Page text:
Rez is the kind of rare game that due to it’s simple and focused outlook, it doesn’t really carry many (if any) flaws. However, it’s something that will limit its appeal. Along with the presentation, if a player doesn’t like on-the-rails shooters, let alone ones with a remarkably unique style, there’s not much here for them. However, for those with an open mind and/or an affinity for shooters or techno and electric music, they’ll thoroughly enjoy a remarkable experience. Furthermore, even if shooters as all the rage on the Live Arcade, there’s just nothing that comes close to what Rez has to offer. Even if you don’t buy it, it’s worth checking out.
Up until recently, copies of the original game have commanded hefty price tags from collectors or gray-market suppliers. Rez HD is offered on Xbox Live for the comparatively low price of 800 points, or $10. Given the sheer volume of content, the unique experience, and the pick-up-and-play nature of the game, it's hard not to recommend Rez to any shooter fan. Similarly, if you enjoy other Mizuguchi experiences and you don't have Rez, you owe it to yourself to download this one. If you already own a copy of the game on the Dreamcast or PS2, online leaderboards and a slick facelift may not be enough to make you want to drop another $10 on a game that is seven years old.
However, for what Q Entertainment has offered in this remake, Rez HD is a winner.10 The gameplay has remained untouched since the game's original release seven years ago, and the HD visuals are absolutely stunning. If you don’t know if you’re really going to enjoy this or not, try out the demo. It takes you through the first level, all the way to the boss. If you like that, you will fall in love with this game. The atmosphere, the design—it’s all got classic stamped all over it in red ink. There is a reason people rejoiced when this game was announced to get the XBLA treatment,11 and now it’s up to you to find out why. Not only that, but your sore back will be no more, and you’ll find a new respect for our Commander in Chief. I promise you.
Sure, the game's $10 price might not exactly justify its lack of multiplayer or short-lived content - Score Attack and a "story mode" (playable in HD or original low-res visuals). But Rez HD hits a rhythm that feels absolutely right for those willing to try something perpetually new, no matter what year it actually debuted.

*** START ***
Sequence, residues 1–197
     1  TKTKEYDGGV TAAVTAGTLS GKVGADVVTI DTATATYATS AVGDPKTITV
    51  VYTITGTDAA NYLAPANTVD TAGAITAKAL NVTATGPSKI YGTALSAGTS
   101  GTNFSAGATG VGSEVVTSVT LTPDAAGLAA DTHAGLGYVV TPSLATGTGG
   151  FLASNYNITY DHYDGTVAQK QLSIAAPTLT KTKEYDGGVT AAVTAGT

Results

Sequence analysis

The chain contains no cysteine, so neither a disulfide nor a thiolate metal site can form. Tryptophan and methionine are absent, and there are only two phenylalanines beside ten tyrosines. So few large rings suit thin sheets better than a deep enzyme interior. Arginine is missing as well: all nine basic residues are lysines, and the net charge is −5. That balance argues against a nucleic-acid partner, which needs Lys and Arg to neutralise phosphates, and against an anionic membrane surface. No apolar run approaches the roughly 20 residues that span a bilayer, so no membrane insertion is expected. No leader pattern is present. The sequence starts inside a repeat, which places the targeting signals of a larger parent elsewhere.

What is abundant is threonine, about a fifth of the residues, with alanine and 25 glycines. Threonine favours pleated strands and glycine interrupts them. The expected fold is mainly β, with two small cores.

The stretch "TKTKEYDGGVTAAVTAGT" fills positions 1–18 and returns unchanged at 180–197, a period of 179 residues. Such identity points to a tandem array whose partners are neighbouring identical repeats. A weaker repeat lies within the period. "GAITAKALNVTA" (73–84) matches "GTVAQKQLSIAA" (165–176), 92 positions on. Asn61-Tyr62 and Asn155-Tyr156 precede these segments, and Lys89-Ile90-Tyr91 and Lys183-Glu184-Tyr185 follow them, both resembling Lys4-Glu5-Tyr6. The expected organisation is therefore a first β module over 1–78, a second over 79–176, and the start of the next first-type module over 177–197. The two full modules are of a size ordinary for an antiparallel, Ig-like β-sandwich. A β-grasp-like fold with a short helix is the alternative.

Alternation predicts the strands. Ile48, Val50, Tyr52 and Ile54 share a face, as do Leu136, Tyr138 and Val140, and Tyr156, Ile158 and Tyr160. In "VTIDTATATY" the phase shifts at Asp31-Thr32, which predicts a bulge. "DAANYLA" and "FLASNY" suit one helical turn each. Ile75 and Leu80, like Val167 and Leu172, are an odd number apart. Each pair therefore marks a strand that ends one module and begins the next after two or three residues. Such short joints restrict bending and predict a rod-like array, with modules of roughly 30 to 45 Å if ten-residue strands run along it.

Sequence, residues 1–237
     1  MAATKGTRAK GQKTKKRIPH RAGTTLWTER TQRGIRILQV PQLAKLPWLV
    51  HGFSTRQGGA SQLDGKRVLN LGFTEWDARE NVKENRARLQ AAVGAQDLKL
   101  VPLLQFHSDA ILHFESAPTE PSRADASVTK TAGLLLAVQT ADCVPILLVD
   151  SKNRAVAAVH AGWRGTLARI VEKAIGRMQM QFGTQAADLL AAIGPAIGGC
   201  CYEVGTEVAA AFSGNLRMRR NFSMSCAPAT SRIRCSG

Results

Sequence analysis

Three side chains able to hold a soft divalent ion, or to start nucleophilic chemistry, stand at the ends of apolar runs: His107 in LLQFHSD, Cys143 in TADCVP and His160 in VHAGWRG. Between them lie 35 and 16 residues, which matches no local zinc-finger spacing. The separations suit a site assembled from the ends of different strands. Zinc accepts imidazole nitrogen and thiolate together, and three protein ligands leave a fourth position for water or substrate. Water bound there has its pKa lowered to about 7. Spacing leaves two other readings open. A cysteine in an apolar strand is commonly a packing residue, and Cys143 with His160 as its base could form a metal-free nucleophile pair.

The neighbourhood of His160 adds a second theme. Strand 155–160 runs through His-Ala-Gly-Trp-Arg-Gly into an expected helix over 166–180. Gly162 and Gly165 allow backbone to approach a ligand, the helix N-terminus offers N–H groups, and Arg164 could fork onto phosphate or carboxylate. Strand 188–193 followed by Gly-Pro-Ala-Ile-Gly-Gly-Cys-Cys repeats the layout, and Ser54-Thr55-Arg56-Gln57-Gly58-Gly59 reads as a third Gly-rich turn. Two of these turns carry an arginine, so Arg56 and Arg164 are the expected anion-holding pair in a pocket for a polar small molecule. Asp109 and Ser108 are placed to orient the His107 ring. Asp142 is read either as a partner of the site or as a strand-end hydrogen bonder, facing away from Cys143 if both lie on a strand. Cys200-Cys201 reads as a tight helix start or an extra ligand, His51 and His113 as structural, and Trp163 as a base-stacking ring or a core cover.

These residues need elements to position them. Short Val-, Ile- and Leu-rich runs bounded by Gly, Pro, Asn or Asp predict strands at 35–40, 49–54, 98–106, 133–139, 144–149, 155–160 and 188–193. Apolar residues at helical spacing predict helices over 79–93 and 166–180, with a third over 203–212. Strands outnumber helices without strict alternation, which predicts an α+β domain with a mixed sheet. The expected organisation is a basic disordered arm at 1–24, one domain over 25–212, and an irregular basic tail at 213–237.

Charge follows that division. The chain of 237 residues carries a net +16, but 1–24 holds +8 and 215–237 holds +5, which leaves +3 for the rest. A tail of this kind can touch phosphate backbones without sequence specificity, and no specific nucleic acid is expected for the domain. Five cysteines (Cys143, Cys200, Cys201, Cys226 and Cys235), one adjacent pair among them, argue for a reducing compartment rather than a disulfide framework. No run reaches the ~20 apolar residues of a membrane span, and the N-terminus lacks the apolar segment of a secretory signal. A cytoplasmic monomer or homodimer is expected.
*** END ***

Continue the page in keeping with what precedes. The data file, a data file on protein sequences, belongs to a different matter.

Rez is a game with tons of character due to its initially innovative sound track, and although this idea has been used elsewhere, Rez still has its own charm and uniqueness that makes Rez HD a must buy for those on the hunt for something new. Even if you already own a copy in one of its previous incarnations, the clarity that the visuals provide is enough to warrant your cash the second time around.
Rez is as much a treat for the eyes as it is for the ears. Based on old school vector graphics (think Tempest or the original Star Wars arcade game), the look of the game is somewhere between Tron and the Lawnmower Man. Your enemies are blocky geometric creations, and while their poly-counts may not be that high, they are distinct and visually interesting. The environments, on the other hand, are pure techno-craziness, with tons of transparencies, pulsating lights and vector effects that make you feel as if you’re traveling through the nervous system of some massive computer network. In motion, the game is truly a sight to behold, as it doesn’t really resemble any other game out there.
Unfortunately, all of this innovation - this non-standard game form- leads to another distinguishing characteristic of Rez; it's not for everyone. Actually, if trance/techno really bothers you, you won't like Rez HD. You just won't. In fact, it may even come across as annoying. If that's the case, you probably won't be able to play it enough to get into it, which means the whole experience will fall apart before you even get the chance to enjoy it. A real shame too, because for the rest of us, Rez HD is frickin' awesome.
In the end, Rez HD is a very good game, but perhaps one not so deserving of its cult status, as the game isn't terribly hard and the game is over long before you want it to be (sure, you can extend game time by going for Achievements and leaderboard scores, but for those who don't care about that they'll find no extra enjoyment or game time in those modes). If you've got the points to blow, go ahead and get Rez HD, otherwise you're almost certainly better off leaving the game to the videogame history books.
By all means, if you’ve never played Rez, download the trial - it’s what it’s there for. “I couldn’t possibly recommend this game” is possibly a bit harsh. It’s different for sure, and it offers a big challenge. Like I mentioned earlier, it’s a very niche game. I personally feel it needs too many boxes ticked to be a ‘great’ game. I think Rez excludes a hell of a lot of people who are then looked down on with resentment because they don’t like something that is quite frankly, a pile of tosh. If you’ll allow me to open a can of worms…..I’m very cynical to the reasons why so many journalist proclaim Rez to be a work of genius.